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Wuhan’s wardrobe controversy

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Wuhan University has been making waves over the past week, but less because of its academic standards and more because of its cherry blossoms. The fuss started when two visitors were not permitted to see the sakura trees – allegedly because they were wearing Japanese-style kimonos. The university later issued a statement playing down the incident and blaming the visitors for not having made reservations and being rude to its security guard.

State broadcaster CCTV defended the university saying it was “a campus not a park”. However, many netizens were unconvinced, believing that it was the visitors’ decision to dress in kimonos that had led to their much publicised denial of entry, despite the men’s claims that they were actually wearing an ancient Chinese outfit, which is believed to have inspired the design of the kimono.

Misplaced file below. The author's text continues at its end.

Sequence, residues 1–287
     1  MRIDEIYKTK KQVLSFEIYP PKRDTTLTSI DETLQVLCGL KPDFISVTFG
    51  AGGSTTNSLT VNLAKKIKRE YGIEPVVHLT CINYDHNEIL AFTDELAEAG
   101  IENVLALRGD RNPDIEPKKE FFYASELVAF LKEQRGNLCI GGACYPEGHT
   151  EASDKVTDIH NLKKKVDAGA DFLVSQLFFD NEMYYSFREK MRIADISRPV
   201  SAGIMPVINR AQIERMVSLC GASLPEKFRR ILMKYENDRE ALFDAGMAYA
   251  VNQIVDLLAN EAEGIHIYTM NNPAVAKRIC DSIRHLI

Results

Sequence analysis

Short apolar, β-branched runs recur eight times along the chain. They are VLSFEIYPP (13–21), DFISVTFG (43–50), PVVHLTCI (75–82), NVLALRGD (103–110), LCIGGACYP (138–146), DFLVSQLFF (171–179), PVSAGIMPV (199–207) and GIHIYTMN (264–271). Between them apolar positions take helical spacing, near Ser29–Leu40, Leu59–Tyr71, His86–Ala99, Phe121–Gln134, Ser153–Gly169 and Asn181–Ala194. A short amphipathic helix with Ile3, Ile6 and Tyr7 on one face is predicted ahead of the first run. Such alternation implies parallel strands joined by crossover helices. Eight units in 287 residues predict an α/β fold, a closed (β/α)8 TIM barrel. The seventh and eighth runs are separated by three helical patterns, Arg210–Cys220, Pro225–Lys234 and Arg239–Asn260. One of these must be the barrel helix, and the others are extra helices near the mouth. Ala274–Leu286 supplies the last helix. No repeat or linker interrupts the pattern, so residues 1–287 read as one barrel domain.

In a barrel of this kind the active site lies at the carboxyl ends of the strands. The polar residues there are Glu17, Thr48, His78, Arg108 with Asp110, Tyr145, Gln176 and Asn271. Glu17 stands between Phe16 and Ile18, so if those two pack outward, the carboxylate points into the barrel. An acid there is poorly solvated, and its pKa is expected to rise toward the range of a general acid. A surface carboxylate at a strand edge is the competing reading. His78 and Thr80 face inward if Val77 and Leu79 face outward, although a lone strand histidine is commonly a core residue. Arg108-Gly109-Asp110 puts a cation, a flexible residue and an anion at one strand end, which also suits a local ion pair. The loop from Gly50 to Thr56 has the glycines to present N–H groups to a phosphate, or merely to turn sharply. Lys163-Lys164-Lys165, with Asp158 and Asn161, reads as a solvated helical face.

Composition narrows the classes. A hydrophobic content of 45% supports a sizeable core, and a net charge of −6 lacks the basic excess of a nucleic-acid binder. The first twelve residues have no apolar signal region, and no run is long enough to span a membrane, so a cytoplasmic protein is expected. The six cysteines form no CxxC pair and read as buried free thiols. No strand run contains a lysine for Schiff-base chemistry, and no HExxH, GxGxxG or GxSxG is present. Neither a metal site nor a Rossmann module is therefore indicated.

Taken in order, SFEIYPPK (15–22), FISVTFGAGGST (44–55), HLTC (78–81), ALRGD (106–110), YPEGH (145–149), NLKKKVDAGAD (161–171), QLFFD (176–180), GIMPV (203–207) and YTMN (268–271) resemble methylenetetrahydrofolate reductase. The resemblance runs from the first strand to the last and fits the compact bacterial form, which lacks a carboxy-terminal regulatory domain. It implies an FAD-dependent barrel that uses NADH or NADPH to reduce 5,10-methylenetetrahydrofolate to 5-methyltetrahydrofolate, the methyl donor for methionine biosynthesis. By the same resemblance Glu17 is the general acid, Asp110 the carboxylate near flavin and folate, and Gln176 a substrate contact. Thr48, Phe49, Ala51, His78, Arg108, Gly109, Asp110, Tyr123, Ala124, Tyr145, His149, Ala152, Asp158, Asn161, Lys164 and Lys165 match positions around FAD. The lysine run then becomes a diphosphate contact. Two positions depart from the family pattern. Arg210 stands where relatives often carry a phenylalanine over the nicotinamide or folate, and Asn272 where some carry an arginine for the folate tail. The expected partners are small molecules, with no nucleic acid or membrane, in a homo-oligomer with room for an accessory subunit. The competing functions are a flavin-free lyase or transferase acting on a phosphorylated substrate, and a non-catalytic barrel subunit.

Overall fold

The sensitivity derives from the history of the trees: they were planted by the Japanese military during its occupation of Wuhan during the Second World War. That led one netizen to comment that turning up in a kimono was little better than wearing a Japanese army uniform. Butf others, on the other hand, ridiculed the idea that a dress code might be in place and saw it more as a case of patriotism taken too far.


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